Originally Posted by Ross&Hailey
Hi, so for the last several months of our buildout, I had been planning on getting 8 Duracell 6v GC2 batteries. I kept checking Sam's Clubs website and availability was concerning me. DIY LiFePO4 batteries are also comparatively reasonably priced. Sooo I bought 8 304 AH EVE cells (approx 7300 WH). The sales rep told me that they were already shipping to a warehouse in Texas so they told me to expect them within the next few weeks. We will see if that is accurate. Regardless, I need to buy the rest of the components to put together these batteries.
I want to test these cells as soon as I get them in a controlled setting (not in my bus). What is the best way to test their capacity and things? I want to be able to do so within 15 days of receiving them in case something isn't quite to spec so that I can get a refund.
I will be using a 24v system. I felt that doing an 8S configuration would be the best. What do you experienced folk say? Is 8S best? Or would a 4S2P system be better?
The two BMS brands I've been seeing are Daly and JBD. I know I can order Daly from a distributor here in the US. I imagine an 8S 200A BMS would be the way to go? Where do you buy JBD BMS if that is better?
The cells will come with 8 bus bars to connect the cells together. Should I use those or are there better options for a skoolie?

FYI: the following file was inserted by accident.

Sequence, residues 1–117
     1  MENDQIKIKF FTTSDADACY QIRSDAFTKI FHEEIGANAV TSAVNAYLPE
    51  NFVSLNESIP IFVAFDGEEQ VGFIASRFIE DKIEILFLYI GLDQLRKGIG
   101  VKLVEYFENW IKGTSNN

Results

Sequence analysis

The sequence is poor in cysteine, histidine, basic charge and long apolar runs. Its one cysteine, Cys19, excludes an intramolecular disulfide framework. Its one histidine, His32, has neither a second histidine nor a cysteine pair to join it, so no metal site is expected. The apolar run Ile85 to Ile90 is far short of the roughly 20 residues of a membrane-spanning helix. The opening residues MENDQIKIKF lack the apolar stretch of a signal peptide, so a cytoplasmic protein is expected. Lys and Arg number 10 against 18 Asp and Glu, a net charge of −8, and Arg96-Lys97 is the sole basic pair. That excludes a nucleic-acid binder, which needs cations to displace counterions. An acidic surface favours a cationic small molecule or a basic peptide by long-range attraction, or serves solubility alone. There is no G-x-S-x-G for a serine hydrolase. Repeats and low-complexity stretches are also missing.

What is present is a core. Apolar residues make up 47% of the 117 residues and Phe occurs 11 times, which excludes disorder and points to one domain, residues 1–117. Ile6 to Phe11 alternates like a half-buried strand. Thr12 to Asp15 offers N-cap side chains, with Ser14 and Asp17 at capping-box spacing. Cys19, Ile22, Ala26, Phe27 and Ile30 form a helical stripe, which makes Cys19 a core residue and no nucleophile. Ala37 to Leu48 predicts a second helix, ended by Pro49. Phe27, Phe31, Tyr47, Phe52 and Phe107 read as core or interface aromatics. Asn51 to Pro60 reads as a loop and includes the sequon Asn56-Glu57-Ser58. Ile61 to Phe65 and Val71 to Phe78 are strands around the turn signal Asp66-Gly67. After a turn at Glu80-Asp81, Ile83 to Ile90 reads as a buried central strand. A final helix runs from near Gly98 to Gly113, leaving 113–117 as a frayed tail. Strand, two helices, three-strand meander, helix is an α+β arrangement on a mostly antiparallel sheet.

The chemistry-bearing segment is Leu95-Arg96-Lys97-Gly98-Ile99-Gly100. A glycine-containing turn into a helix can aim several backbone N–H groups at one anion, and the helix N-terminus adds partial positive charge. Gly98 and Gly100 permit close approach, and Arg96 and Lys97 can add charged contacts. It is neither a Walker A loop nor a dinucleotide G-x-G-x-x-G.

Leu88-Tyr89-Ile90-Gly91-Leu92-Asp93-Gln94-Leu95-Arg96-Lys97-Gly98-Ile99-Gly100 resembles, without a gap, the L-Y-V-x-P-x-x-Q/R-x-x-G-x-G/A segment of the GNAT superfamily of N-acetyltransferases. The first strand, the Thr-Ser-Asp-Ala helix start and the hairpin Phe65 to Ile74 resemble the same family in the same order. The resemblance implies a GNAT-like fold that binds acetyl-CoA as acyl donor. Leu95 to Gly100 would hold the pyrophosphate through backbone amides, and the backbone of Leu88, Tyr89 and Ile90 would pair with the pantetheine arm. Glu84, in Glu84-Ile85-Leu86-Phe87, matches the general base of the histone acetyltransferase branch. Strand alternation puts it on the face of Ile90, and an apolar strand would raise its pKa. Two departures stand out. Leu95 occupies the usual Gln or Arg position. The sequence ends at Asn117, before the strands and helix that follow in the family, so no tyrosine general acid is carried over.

I've seen Will Prowse use a yellow clear tape to bind all the cells together and compress them somewhat. Is that the way to go for putting the packs together?
If you're curious about the rest of my system. I will have 1360 watts of solar on the roof. An LV2424 Hybrid Inverter charger MPPT charge controller combo. None of this is installed, but I have the solar panels and the inverter already.
I would appreciate any feedback from you experienced battery builders out there. Hopeful that all 8 cells will arrive in good condition. I spoke to one other skoolie that ordered 16 of the same cells from the same distributor and had great luck so I am hopeful.
So when you receive your cells, they will be at a partial state of charge (SOC), probably about ~30% SOC +/-. The will also not be balanced. So before you will be able to do a true capacity test you'll want to balance the cells.
Top Balancing (basic description):
This involves connecting all the cells in parallel
, connect to a proper power supply and charge them until ~3.6 Volts AND current drops away to near zero, at this point your cells will be balanced. Because there will be no BMS protection in this process, its important that you understand what you are doing before you do it (read up on it), and you are present and attentive during the last portion. Here are two links (general explanation
, read both).
This is what top, bottom and unbalanced cells look like in visual terms: